A proposal for a 3-story, 32-unit apartment building at 82 Wallace St. in Tuckahoe has been approved by the village’s planning board. The site, consisting of eight lots, is along Wallace between Maynard Street and Lime Kiln Road. It is about a half-mile from the Metro-North Railroad Harlem Line station.
Orange World LLC of Yonkers is the applicant as well as the owner of the land to be used for the project. Small, unoccupied structures on the site previously had been demolished. The planning board at its Sept. 17 meeting adopted a negative declaration of environmental impacts under the State Environmental Quality Review Act and passed a resolution approving the site plan. The application had ben received by Tuckahoe on Dec. 20, 2018.
Attorney Steven Accinelli of the Yonkers-based law firm Veneruso, Curto, Schwartz and Curto said the structure will have “two studio apartments, seven one-bedroom apartments, 20 two-bedroom apartments and three three-bedroom apartments. The building will also offer green and buffered community amenity spaces for the use and enjoyment of residents.”
Accinelli reminded the board that the applicant had attended a number of planning board work sessions and communicated with village representatives regarding the site plan and other matters.
“As the result of those work sessions and communications, additional information and details were submitted as requested and discussed and numerous functional and design elements were added and/or revised with respect to the project,” Accinelli said.
He recalled that the project had first been discussed with village officials at an August 2018 workshop. “The planning board now has before it a comprehensive site plan that is the result of a truly collaborative effort between the applicant and the village representatives, especially the planning board and building department.”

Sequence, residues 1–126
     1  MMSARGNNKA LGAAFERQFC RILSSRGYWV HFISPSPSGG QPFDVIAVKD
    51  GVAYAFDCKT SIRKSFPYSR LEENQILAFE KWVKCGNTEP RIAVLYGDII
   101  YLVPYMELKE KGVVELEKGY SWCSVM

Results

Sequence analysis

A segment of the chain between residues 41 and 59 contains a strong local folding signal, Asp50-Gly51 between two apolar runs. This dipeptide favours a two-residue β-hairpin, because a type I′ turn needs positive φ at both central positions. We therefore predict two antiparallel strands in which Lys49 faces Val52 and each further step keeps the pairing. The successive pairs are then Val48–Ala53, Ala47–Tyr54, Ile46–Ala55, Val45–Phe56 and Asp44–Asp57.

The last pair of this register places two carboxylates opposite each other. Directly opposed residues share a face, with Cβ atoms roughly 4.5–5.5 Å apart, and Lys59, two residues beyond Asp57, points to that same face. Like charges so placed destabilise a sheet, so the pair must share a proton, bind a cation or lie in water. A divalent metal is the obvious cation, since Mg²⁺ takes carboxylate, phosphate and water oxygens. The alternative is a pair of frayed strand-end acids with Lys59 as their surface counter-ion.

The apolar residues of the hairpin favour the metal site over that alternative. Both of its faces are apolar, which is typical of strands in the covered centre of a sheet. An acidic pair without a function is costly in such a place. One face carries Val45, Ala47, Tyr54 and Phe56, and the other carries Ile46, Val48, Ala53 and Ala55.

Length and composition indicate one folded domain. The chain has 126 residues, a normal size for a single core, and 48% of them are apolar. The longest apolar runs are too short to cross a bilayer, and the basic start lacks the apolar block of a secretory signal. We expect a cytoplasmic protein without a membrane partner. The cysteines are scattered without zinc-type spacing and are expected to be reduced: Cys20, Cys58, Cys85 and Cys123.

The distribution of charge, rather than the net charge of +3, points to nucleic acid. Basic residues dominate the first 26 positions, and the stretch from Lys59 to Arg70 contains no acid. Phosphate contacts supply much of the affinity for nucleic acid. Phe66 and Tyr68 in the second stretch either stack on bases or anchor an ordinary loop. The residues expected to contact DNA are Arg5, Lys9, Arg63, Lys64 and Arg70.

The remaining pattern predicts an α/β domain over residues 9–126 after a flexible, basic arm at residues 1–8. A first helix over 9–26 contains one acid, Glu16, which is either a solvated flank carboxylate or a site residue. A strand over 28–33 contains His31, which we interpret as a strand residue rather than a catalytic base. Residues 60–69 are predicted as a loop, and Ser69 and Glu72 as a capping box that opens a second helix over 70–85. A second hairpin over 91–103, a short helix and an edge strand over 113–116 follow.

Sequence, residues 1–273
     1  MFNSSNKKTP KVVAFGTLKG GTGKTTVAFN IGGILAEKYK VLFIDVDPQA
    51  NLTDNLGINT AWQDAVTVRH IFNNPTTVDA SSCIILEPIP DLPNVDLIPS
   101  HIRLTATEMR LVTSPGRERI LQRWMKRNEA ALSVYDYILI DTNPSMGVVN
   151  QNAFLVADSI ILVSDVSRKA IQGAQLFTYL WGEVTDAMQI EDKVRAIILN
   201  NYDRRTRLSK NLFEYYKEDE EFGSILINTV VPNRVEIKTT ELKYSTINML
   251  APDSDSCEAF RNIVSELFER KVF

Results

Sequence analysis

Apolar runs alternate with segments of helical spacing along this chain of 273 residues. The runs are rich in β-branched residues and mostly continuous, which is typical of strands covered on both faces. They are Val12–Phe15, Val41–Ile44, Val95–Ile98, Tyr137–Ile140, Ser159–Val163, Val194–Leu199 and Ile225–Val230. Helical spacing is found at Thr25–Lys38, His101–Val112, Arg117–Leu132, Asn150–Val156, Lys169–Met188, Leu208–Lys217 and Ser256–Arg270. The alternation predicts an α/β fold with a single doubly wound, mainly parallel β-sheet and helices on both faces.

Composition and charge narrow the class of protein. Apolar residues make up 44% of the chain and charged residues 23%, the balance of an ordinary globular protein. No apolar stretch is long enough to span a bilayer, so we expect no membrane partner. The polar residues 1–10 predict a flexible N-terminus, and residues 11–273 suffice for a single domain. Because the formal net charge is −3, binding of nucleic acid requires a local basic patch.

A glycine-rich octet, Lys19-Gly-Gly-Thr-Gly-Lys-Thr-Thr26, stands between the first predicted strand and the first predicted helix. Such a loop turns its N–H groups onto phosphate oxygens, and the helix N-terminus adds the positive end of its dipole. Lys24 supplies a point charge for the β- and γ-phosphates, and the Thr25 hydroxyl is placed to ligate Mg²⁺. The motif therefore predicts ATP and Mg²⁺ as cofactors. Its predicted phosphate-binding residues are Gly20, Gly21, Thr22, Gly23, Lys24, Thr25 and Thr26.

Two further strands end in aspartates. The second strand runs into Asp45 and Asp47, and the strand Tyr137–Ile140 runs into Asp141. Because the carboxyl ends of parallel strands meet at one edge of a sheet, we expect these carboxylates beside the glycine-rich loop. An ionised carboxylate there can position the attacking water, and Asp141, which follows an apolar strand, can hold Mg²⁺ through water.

Nima Badaly of Badaly Architects PLLC in Mount Vernon showed renderings and various elevations along with landscaping designs. He said there will be two floors of parking underneath the apartments with 45 parking spaces. Badaly showed samples of the brick to be used for the building’s exterior and discussed the street-level landscaping as well as the rooftop recreation terrace for residents.
“We have three different areas on the recreation terrace,” he said. “One area is mostly for barbecuing and entertainment. The other area is more for relaxing if you want to get a suntan or just lay down. In the middle we are providing an area where tenants can have a communal garden.”
Planning Board Chairman Antonio Leo questioned Badaly about the exterior lighting and a retaining wall at the front of the building.
“If some tenant wants to have a barbecue out there at 10 o’clock at night is there any additional lighting, any sort of ambient lighting that’s being provided?” Badaly explained that there was one fixture “every ten feet or so,” but Leo said that the type of lighting fixtures shown in the plans do not give off a lot of light. Badaly said that he could use different fixtures and Leo suggested that additional decorative landscape lighting also could be added.
Planning board member David Barra read the resolutions the board would be voting on, which noted that the dilapidated structures previously on the premises had been “viewed as an eyesore to the community.” The site plan resolution referred to the project as “a first-class proposal that will greatly enhance the premises and surrounding area.” The votes to approve were unanimous.